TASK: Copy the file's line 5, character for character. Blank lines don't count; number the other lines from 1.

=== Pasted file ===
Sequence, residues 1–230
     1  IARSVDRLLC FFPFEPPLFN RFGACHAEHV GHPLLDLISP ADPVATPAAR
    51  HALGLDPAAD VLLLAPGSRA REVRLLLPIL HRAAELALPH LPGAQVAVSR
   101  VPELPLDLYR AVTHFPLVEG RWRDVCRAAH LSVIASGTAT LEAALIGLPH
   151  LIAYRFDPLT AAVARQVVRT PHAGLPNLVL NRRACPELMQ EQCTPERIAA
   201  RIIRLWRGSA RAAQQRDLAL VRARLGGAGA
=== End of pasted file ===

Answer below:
   151  LIAYRFDPLT AAVARQVVRT PHAGLPNLVL NRRACPELMQ EQCTPERIAA